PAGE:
by: Rebecca Taylor
Anyone walking into the Semi-Sweet Bakery would want to stay there forever. It smelled of perfection, of love and holiday dinners. It looked unlike any other bakery. It wasn’t just a display case stocked with unending pastries, breads and fancy salads. No, it invited the customer to stay awhile, to choose something different, something special for their day and to relax. It was also a thoughtful place filled with wisdom, joy and happiness. Colourful posters were in frames on the walls featuring quotations, quirky sayings, and advertising slogans. Antique wooden chairs surrounded tables that held wooden recipe boxes with a list of items available. It was the realization of a dream for Shelley Vanslatner. She had worked extra jobs in college in order to pay her tuition so that she could start saving for her own place when she was done. Fifteen years after graduating, she made the down payment on her own shop and decorated it based on her ideas and her passion. She wanted her bakery to be something special, something that made people want to stay awhile and to keep coming back. Shelley had a staff of four working for her full time along with some part time employees who filled in so she could stay open seven days a week.
Shelley had a recipe for all of life’s special moments and she offered this to her customers. She took extra care to figure out ways to package happiness. Not only did she and her staff bake and serve customers in their bakery, they also researched innovative ways to give their customers more. This meant taking chances, trying new ideas and being willing to fail in order to eventually succeed. Making proposals and baby announcements special were two of the bakery’s favourite things. They could make cakes that people enjoyed but they could also take people past the experience of the beauty of the cake and the delicious taste to the mystery that it unravelled. Hiding a ring, a rattle or miniature baby bottle in a cake were not good ideas because they could be missed and accidently choked on. Instead of a square cake, Shelley often made hers round using a bunt pan so that she could hide a spice pouch in the hole, ice over it and affix a little design that said open me on it. Sometimes instead of the spice pouch, the words “Marry Me” or “Congrats Dad” would be lettered in the opening. These ideas worked especially well around holidays or birthdays when a cake would be used anyways. A birthday or Christmas cake could be the disguise for an even bigger celebration.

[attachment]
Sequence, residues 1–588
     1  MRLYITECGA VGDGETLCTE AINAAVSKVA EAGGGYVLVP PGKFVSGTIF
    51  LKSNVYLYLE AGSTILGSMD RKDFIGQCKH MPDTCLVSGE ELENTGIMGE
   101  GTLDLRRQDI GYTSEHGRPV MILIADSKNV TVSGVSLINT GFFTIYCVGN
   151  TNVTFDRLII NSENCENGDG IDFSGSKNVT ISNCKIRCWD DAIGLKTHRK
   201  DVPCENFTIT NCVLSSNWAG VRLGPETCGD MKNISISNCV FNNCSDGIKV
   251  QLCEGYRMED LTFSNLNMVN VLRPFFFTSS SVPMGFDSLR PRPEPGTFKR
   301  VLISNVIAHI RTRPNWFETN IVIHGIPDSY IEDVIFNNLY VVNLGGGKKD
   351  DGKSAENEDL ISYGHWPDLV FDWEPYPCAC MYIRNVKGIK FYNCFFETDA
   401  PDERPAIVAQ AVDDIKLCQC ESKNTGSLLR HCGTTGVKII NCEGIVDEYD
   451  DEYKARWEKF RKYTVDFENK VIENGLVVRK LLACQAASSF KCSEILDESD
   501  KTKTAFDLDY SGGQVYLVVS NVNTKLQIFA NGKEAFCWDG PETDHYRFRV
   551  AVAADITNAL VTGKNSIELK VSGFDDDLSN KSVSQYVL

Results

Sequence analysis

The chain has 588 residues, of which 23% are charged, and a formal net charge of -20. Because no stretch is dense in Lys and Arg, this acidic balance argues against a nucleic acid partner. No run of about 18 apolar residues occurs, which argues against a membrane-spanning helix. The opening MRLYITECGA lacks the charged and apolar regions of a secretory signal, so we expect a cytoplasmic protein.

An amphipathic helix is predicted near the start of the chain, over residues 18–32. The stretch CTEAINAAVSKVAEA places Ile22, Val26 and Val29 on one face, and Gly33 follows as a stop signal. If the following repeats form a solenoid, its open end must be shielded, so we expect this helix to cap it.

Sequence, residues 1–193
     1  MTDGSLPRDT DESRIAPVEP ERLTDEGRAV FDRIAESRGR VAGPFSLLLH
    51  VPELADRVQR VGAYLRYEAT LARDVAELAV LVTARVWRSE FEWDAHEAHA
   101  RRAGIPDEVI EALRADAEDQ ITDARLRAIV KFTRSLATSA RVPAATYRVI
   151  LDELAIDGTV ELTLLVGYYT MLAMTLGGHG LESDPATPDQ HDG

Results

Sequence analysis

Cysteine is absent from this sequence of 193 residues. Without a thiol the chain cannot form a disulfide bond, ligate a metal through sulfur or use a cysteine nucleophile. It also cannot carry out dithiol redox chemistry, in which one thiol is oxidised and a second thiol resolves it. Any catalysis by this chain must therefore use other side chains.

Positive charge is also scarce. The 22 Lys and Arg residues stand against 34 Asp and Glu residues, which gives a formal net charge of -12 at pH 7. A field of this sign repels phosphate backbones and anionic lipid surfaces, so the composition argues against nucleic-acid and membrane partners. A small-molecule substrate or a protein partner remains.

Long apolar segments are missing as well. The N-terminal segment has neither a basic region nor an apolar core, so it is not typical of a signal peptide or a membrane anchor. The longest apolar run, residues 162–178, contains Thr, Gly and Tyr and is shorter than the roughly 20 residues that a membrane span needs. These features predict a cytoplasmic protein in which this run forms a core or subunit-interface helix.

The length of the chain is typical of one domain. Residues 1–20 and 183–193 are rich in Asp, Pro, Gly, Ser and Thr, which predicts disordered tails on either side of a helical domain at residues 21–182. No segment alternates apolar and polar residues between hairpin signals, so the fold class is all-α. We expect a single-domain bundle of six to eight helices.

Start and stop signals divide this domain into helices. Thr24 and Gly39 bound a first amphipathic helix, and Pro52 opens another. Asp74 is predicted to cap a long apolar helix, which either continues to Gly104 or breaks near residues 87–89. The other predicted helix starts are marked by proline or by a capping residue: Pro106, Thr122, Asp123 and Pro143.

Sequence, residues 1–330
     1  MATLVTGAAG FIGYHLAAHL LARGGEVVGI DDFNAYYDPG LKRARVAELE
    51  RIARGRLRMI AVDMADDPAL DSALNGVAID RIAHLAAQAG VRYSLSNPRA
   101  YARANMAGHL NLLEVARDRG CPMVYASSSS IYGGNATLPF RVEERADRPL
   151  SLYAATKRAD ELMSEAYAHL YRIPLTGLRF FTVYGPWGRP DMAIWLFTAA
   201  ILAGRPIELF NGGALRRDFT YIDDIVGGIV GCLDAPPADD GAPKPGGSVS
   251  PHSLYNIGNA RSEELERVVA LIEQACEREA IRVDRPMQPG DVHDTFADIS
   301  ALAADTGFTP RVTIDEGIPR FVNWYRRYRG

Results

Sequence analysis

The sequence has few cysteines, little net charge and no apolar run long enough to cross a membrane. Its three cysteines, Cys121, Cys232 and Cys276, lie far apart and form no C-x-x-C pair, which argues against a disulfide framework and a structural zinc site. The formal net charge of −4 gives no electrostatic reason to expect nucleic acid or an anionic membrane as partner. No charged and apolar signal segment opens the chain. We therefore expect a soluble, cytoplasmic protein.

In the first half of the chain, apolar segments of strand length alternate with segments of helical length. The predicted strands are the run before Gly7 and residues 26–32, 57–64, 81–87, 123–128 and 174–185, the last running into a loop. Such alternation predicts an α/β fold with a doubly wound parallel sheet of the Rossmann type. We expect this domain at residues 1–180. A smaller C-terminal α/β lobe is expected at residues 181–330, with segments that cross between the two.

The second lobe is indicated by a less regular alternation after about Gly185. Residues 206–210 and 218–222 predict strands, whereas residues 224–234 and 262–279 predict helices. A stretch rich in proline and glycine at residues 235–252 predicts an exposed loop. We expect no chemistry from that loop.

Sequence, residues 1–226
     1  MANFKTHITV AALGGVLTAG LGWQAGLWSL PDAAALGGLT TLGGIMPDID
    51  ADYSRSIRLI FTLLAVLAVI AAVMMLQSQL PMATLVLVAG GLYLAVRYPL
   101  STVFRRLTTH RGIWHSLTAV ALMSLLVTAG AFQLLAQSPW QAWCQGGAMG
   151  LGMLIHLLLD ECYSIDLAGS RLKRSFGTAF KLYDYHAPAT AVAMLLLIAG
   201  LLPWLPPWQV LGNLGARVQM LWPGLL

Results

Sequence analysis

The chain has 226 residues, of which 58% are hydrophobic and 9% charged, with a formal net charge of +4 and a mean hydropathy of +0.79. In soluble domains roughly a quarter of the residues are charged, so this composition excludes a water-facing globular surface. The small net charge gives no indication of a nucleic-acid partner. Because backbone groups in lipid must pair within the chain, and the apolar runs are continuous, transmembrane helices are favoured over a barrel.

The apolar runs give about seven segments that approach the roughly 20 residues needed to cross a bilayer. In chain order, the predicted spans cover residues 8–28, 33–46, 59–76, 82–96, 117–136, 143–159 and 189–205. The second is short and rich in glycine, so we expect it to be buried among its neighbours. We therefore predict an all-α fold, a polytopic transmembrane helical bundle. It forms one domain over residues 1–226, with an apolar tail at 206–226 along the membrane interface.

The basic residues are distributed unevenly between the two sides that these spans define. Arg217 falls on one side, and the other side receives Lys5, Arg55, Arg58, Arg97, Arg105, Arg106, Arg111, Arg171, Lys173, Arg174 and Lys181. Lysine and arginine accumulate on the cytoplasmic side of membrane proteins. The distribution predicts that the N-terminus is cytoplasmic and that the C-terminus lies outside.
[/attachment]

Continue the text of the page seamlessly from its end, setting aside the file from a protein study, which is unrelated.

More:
Shelley and her team didn’t just believe in celebrating special occasions, they believed in celebrating life. And it was through this philosophy that Shelley had met her fiancé. Drake Shanihan had been angry at the world when he had first walked into the bakery, Shelley could see it in his eyes and hear it in his voice as he abruptly ordered two dozen chocolate raspberry pinwheel cookies. Shelley knew it wasn’t an order a man often made, at least most of the ones she had met – they found the name pinwheel cookie far too girly and wanted something more substantial like the oatmeal chocolate chunk cookies.
“Anything else?” asked Shelley packaging the cookies.
“No, not for now but chances are my mother will have me back here by the end of the day. She claims your cookies are all she needs. If it were up to me, I’d hit the road and go after him not be ordering some darn cookies.”
“Do I know your mother?” asked Shelley as she rang up the sale.
“I don’t know but she knows you and your cookies. Her name’s Beatrice Shanihan, although I suppose now she’ll take back O’Connor.”
“I know her, she’s a regular. I’m sorry to hear that things are not working out for her; she seems like a nice person. Always orders the chocolate raspberry pinwheels and a cup of peppermint tea.”
“That would be her, but cookies and tea don’t save you from your husband quitting his job and leaving town with a younger woman. I don’t understand her,” said Drake hitting his hand against his leg, “where is her fighting spirit, her fire, some gumption, at least some tears, but no she calls me at work and says she got home to find a note on the table, thanking her for the good years and saying he’d send the divorce papers and asks me to bring her some cookies from this bakery. Seriously, I left work to get my mother cookies; I should be going after him and bringing him to his senses.”